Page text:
Jump to content

Welcome to Geeks to Go - Register now for FREE

Geeks To Go is a helpful hub, where thousands of volunteer geeks quickly serve friendly answers and support. Check out the forums and get free advice from the experts. Register now to gain access to all of our features, it's FREE and only takes one minute. Once registered and logged in, you will be able to create topics, post replies to existing threads, give reputation to your fellow members, get your own private messenger, post status updates, manage your profile and so much more.

Create Account How it Works
Photo

How to Interpret Computer Error Beep Codes

* * * * - 3 votes

  • Please log in to reply

#1
alandemartino

alandemartino

    Member

  • Member
  • PipPipPip
  • 147 posts
How to Interpret Computer Error Beep Codes

When the computer makes those funny sound via the system speaker, it's not doing it because it wants to be heard. The computer is trying to talk to the operator/technician and tell them what's wrong.

Beep Codes:

No Beeps: Short, No power, Bad CPU/MB, Loose Peripherals

One Beep: Everything is normal and Computer POSTed fine

Two Beeps: POST/CMOS Error

One Long Beep, One Short Beep: Motherboard Problem

One Long Beep, Two Short Beeps: Video Problem

One Long Beep, Three Short Beeps: Video Problem

Three Long Beeps: Keyboard Error

Repeated Long Beeps: Memory Error

Continuous Hi-Lo Beeps: CPU Overheating
  • 2

Advertisements


#2
Zylaw

Zylaw

    New Member

  • Member
  • Pip
  • 1 posts
Thanks for this tutorial - I hadn't noticed the beeping previously, but recently I've been getting a beep during start-up and was starting to freak-out that something ELSE was wrong with my old clunker Inspiron 8500. Now I can relax, I guess. Thanks again (btw, what means "POSTed," please?) Yours, Zylaw
  • 0

#3
PedroDaGR8

PedroDaGR8

    Member

  • Member
  • PipPipPip
  • 786 posts
POST means Power On Self Test, so POSTed means it passed this test. This is a good general list but sometimes they can be motherboard or more commonly bios manufacturer specific so you may want to check your owners manual.

Edited by PedroDaGR8, 25 December 2008 - 08:07 PM.

  • 0

#4
Libid21

Libid21

    Member

  • Member
  • PipPip
  • 83 posts
What about the beep that my computer makes when a virus has been detected by AntiVir?
  • 0

#5
Rorschach112

Rorschach112

    Ralphie

  • Retired Staff
  • 47,710 posts
There would be no way to interpret that

If you got malware you would have to go to the malware removal forum
  • 0

#6
Libid21

Libid21

    Member

  • Member
  • PipPip
  • 83 posts

There would be no way to interpret that

If you got malware you would have to go to the malware removal forum

I'm not saying I have one now per se. I was just asking if it was a specific beep.
  • 0

#7
Troy

Troy

    Tech Staff

  • Technician
  • 8,841 posts
Are you sure the beep was coming through the system speaker? (i.e. not your normal audio output speakers)

EDIT: Either way, it's not related.

Edited by Troy, 05 January 2009 - 09:05 PM.

  • 0

#8
QuizMaster

QuizMaster

    Member

  • Member
  • PipPip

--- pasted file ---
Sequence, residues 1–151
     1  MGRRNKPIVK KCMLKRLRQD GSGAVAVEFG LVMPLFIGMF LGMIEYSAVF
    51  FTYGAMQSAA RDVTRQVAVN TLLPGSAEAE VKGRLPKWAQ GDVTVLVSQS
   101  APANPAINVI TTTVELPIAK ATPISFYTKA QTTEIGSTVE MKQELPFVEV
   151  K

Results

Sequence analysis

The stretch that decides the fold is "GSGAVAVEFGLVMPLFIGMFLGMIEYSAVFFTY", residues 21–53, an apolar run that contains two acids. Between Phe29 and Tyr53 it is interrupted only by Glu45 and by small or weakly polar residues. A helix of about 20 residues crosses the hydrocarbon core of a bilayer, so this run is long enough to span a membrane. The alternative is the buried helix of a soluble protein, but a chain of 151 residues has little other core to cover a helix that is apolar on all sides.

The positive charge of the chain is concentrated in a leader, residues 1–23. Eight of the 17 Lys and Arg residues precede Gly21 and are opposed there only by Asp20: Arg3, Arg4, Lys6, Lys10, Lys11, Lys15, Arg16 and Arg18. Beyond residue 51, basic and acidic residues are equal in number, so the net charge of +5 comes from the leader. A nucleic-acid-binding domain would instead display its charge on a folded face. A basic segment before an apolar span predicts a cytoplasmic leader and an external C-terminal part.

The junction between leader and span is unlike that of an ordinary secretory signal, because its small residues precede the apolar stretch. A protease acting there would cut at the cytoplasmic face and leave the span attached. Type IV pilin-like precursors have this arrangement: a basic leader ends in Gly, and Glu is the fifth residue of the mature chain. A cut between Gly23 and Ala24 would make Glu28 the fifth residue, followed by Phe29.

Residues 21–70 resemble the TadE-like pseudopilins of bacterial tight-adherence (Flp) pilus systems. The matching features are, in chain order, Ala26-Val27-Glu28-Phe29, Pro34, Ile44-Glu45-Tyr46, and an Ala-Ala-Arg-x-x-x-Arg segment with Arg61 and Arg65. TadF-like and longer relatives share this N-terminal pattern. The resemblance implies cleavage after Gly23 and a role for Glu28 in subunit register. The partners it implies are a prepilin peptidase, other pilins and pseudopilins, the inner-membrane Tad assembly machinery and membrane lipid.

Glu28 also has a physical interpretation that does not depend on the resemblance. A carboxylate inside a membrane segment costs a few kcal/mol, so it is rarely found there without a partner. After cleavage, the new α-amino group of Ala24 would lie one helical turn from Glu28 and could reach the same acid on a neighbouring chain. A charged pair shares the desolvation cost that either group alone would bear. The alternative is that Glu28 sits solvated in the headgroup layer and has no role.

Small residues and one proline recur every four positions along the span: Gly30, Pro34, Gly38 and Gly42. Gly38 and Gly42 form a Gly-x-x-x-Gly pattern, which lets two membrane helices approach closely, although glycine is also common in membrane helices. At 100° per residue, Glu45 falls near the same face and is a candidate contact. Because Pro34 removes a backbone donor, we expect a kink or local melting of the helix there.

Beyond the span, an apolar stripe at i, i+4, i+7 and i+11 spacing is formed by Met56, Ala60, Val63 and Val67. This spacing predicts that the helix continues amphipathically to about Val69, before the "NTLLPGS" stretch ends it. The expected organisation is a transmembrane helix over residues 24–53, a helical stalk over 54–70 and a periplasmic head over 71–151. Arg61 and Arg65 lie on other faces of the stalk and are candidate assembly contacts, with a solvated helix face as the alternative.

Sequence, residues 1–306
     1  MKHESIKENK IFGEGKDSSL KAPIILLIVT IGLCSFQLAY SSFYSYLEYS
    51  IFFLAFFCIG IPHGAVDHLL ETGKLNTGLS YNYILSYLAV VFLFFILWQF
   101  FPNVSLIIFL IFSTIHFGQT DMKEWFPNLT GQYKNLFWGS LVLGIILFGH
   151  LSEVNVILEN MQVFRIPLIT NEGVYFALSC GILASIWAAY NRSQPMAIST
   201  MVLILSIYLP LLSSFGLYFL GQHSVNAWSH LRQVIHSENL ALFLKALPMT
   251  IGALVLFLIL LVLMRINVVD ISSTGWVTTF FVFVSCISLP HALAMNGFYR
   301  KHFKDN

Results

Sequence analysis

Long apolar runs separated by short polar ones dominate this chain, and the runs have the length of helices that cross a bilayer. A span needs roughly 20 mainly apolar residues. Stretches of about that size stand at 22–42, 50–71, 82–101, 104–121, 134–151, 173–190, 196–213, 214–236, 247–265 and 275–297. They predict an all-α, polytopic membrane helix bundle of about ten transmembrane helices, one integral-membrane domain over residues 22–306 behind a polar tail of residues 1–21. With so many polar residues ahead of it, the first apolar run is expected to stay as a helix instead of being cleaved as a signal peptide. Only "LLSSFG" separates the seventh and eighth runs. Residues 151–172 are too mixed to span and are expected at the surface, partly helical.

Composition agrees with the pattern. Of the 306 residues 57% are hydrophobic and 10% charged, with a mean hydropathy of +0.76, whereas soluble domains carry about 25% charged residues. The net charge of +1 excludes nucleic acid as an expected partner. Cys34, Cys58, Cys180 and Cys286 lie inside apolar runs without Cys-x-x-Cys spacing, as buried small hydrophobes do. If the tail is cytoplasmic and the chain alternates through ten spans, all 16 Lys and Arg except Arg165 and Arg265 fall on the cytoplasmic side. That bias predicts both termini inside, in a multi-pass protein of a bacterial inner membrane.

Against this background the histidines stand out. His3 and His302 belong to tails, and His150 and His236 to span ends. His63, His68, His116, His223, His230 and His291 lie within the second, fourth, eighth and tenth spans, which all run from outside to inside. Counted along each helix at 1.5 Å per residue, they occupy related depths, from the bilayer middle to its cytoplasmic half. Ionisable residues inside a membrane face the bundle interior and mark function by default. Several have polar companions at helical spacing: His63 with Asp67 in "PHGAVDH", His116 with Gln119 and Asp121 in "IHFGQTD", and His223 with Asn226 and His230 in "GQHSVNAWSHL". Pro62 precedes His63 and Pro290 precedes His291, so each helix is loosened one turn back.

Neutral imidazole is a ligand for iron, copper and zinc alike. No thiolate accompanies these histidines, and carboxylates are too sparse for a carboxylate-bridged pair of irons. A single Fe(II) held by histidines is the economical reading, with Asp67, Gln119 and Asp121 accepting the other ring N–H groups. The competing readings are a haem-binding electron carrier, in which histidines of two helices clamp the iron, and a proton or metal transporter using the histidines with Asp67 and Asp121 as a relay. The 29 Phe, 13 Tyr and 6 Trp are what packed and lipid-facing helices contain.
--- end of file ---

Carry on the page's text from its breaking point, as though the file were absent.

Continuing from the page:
• 55 posts

Are you sure the beep was coming through the system speaker? (i.e. not your normal audio output speakers)

EDIT: Either way, it's not related.


I also use AntiVir and I'm sure that it's coming from the system speaker because I can still hear it if I have no sound card installed.
  • 0

#9
PedroDaGR8

PedroDaGR8

    Member

  • Member
  • PipPipPip
  • 786 posts
System alerts will come across as a single beep (sometimes a beep that rises in pitch) over the PC Speaker if no sound card is detected. Virus detection will use a system alert to alert you because of this. It will only be one beep and it is constant across ALL system alerts. So there is no way to interpret it.

Edited by PedroDaGR8, 06 January 2009 - 10:31 PM.

  • 0

#10
QuizMaster

QuizMaster

    Member

  • Member
  • PipPip
  • 55 posts

System alerts will come across as a single beep (sometimes a beep that rises in pitch) over the PC Speaker if no sound card is detected. Virus detection will use a system alert to alert you because of this. It will only be one beep and it is constant across ALL system alerts. So there is no way to interpret it.


I already have a sound card installed and the alert is still coming from the system speaker. It isn't just a single beep, it's a series of beeps that gets higher each time.

Edited by QuizMaster, 07 January 2009 - 05:48 PM.

  • 0

Advertisements


#11
QuizMaster

QuizMaster

    Member

  • Member
  • PipPip
  • 55 posts
The Avira beep is like the StickyKeys beep, even if I had the speakers off, I'll still hear the beep (more like a tune).
  • 0

#12
sari

sari

    GeekU Admin

  • Administrator
  • 21,593 posts
  • MVP
It's still not a system beep, and can't be interpreted as such. It's a program alert.
  • 1

#13
KBUWerks1

KBUWerks1

    New Member

  • Member
  • Pip
  • 8 posts
Very good tutorial indeed. :)

I truly didn't realize the different variety of beeps and there meaning.

KBUQuest
  • 0

#14
AlexBlack

AlexBlack

    Member

  • Member
  • PipPip
  • 13 posts
I must say, I was aware that one beep was good, but never realized that there was so many combinations to what is wrong with the system. Really makes it easy to troubleshoot hardware
  • 0

#15
andrew wyatt

andrew wyatt

    New Member

  • Member
  • Pip
  • 1 posts
Hello,
I am trying to find Beep codes for Windows XP - I am taking comptia A-Plus Exam, and although book advises me to read motherboard manual, The practice tests keep coming up with them, same with Error codes.Internet is not a big help either ( except this forum)

Thanks,
Andy.
  • 0






Similar Topics

1 user(s) are reading this topic

0 members, 1 guests, 0 anonymous users

As Featured On:

Microsoft Yahoo BBC MSN PC Magazine Washington Post HP